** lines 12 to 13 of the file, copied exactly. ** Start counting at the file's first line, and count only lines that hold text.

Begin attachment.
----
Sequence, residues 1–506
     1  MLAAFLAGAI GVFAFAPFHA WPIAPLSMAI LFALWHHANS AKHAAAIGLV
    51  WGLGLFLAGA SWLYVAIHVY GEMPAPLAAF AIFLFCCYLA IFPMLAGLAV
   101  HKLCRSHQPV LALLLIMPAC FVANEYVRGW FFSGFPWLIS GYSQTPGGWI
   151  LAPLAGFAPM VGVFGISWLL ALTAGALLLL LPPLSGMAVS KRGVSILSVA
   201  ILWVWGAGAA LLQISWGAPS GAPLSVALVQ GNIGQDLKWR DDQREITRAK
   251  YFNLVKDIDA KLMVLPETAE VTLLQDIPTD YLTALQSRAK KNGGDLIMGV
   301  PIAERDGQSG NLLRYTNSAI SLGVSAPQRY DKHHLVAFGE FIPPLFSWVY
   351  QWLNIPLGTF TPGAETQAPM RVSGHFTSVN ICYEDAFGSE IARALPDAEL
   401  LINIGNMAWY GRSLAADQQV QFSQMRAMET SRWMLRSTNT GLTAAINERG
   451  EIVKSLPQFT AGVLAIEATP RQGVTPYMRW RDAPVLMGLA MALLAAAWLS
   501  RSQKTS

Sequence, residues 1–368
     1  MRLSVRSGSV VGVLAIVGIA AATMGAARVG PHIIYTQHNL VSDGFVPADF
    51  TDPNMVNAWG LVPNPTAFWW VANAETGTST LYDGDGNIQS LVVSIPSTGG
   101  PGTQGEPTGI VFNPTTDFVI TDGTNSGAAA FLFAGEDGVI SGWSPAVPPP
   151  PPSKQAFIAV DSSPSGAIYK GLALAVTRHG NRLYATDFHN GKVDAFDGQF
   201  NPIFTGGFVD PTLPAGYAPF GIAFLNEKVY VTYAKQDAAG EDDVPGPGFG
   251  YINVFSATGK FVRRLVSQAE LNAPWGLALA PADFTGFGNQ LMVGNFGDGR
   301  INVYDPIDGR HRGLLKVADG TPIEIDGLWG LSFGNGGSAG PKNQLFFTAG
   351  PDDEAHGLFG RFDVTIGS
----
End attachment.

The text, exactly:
   501  RSQKTS

Sequence, residues 1–368